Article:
Five reasons why the Beets music organizer is awesome

Beets, the music geek's music organizer

I’ve been using beets for approximately a year now, and I absolutely love it. For the uninitiated, beets bills itself as, “the media library management system for obsessive-compulsive music geeks.” In other words, you run your gigs and gigs of haphazard, dishevled, scraggly MP3s / M4As / FLACs through it, and out come spiffy, wholesome, metadata-complete™ tracks / albums / collections on the other side.

Not impressed yet? Then take a look at 5 reasons why beets is awesome:

1. It’s command-line based

Beets is the only fully-featured music organization tools that’s command-line based. I’ve used things like MusicBrainz Picard in the past (which is great in it’s own right!), but it can take a lot of time and manual work to organize a giant collection of music.

Since beets is command-line based, you can quickly and easily run commands (programmatically, even) to import, query, or play your music, as well as do things like fetch album art, fix incorrect titles / artist names, and even list albums that have duplicate and/or missing songs.

##Some examples include:

Quickly list all of The Black Keys albums I own:

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❯ beet list The Black Keys -a
The Black Keys - Attack & Release
The Black Keys - Brothers
The Black Keys - El Camino
The Black Keys - Magic Potion
The Black Keys - The Big Come Up
The Black Keys - Turn Blue
The Black Keys - Your Touch - The EP

Show all of the albums I have that were released in 2014:

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❯ beet list year:2014 -a
A-Trak & Milo and Otis - Out the Speakers
Above & Beyond - Anjunabeats Vol 11 (Mixed By Above & Beyond) (Cd 1)
Above & Beyond - Anjunabeats Volume 11 (Mixed By Above & Beyond) Web
Afrojack - Forget the World
Afrojack & Martin Garrix - Turn Up The Speakers
Iggy Azalea - The New Classic
Azealia Banks - Broke With Expensive Taste
The Black Keys - Turn Blue
...

Quickly queue up & play all of my Ryan Hemsworth tracks in my default player:

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❯ beet play Ryan Hemsworth
Playing 7 tracks.

Beets, playing Ryan Hemsworth in Vox

2. It will fetch all the music metadata you will ever need

Beets can pull in the following metadata automatically for you (and more!):

  • Album artwork
  • Song lyrics
  • Genres
  • Tempos
  • Acoustic fingerprints
  • Last.fm tags

It leverages music databases like MusicBrainz, Discogs, & Beatport to ensure that the metadata is as up to date and correct as possible.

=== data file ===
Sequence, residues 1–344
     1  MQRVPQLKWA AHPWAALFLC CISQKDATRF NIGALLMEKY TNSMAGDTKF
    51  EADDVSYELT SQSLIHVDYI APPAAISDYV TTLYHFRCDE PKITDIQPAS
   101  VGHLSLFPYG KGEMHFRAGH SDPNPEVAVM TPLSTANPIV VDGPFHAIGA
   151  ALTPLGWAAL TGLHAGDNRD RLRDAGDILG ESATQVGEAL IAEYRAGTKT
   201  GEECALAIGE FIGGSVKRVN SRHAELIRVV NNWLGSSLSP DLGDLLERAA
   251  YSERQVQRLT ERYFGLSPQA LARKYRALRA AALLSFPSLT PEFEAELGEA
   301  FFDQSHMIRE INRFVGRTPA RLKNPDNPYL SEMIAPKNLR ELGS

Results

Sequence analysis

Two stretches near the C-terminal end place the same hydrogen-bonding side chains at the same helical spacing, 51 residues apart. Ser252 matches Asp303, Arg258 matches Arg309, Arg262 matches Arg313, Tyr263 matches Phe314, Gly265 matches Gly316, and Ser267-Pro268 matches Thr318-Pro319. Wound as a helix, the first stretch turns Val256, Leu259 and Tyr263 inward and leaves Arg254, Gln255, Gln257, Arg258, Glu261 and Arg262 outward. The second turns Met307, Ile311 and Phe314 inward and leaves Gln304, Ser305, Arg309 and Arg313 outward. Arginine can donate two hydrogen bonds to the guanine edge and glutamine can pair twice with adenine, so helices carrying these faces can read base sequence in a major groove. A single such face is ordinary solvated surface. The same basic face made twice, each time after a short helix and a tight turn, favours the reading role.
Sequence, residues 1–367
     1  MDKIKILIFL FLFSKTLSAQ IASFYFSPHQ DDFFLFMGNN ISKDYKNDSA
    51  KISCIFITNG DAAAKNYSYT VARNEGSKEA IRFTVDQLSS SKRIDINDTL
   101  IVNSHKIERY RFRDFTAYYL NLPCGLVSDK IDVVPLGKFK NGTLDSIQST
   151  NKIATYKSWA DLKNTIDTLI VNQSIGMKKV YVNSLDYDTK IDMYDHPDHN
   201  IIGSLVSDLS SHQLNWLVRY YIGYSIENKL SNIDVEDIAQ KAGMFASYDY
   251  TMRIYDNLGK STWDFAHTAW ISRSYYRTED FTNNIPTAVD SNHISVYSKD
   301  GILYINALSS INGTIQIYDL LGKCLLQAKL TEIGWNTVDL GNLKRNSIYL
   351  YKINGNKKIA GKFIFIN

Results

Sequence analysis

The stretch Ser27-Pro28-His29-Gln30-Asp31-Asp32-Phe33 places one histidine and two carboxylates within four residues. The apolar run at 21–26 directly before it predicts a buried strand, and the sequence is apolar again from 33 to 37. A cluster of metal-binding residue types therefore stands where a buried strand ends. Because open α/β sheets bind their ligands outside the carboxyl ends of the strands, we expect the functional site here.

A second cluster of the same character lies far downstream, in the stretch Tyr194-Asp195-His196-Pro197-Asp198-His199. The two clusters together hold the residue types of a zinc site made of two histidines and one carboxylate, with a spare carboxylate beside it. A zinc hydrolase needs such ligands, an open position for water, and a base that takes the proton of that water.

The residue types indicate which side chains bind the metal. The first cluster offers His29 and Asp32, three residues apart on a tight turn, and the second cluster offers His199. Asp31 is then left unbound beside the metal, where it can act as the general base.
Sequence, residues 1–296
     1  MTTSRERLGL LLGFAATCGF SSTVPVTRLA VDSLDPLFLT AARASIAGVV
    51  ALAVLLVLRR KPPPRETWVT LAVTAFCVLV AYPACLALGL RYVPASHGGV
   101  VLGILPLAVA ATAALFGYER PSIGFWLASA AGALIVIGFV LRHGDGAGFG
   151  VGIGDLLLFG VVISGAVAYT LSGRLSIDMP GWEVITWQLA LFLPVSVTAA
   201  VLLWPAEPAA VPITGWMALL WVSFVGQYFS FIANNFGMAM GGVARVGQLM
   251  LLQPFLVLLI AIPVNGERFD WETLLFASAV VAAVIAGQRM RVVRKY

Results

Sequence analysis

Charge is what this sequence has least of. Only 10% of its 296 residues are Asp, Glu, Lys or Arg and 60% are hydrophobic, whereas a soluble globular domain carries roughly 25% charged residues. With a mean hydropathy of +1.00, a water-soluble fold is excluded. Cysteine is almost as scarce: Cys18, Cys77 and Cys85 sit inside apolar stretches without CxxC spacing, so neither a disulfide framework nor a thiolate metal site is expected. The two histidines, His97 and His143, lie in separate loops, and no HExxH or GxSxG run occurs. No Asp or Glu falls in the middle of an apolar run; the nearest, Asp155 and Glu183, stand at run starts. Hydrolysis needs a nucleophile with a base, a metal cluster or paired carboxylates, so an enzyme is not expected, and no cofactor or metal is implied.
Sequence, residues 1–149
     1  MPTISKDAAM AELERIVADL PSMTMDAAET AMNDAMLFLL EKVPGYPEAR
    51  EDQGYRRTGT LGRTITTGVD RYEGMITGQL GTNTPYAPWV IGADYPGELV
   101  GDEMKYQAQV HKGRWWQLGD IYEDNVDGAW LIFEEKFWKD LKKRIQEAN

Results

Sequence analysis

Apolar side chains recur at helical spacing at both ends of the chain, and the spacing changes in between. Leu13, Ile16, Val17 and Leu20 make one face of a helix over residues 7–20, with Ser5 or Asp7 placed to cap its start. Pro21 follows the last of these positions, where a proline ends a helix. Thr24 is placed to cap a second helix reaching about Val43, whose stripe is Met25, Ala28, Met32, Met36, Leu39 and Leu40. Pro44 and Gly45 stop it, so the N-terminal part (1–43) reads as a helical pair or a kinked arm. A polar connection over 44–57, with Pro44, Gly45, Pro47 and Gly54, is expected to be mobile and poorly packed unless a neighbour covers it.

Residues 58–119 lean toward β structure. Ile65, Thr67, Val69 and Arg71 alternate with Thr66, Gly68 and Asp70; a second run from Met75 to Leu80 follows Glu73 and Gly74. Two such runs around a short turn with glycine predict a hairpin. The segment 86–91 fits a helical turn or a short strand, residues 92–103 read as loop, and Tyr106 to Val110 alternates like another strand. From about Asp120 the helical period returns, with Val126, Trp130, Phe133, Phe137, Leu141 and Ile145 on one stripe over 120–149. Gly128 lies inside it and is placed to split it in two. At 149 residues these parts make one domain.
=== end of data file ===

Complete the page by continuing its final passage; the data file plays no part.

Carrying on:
3. It can transcode audio files

Beets even lets you transcode audio from one format to another. This is especially useful if you’re an audiophile looking to convert your lossless FLAC / ALAC files to something more space-efficient, like 320 CBR MP3s.

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❯ beet convert -ak Darkside Psychic
Darkside - Psychic
Convert? (Y/n) y
...

4. It can check for duplicate and missing songs

Amassing a music collection over a long period of time (in my case, 15+ years) inevitably means that you have duplicate songs or even have albums with missing tracks. Beets can quickly notify you of these.

This will surface albums with at least one missing track, and list the number missing:

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❯ beet missing -c
Above & Beyond - Anjunabeats, Volume 8: 1
Architecture in Helsinki - Fingers Crossed: 1
Battles - Tonto+: 1
Beirut - March of the Zapotec / Holland: 5
...

5. It’s open-source & highly configurable, so you can customize it to your liking

There’s a passionate community of developers behind it, which means that it’s both open for suggestions and constantly being improved. And you can even add your own features or roll your own plugin(s).

Check out beets’ Github repo here.

Parting thoughts

Beets is a superb tool for the more technically savvy music collector or audiophile. Yes, there are other tools that do similar things (MusicBrainz Picard, Jaikoz, TuneUp, Mp3Tag & MediaMonkey come to mind), but you won’t find the flexibility and customizability of beets anywhere else.

Using beets already? Let me know what you think, down below.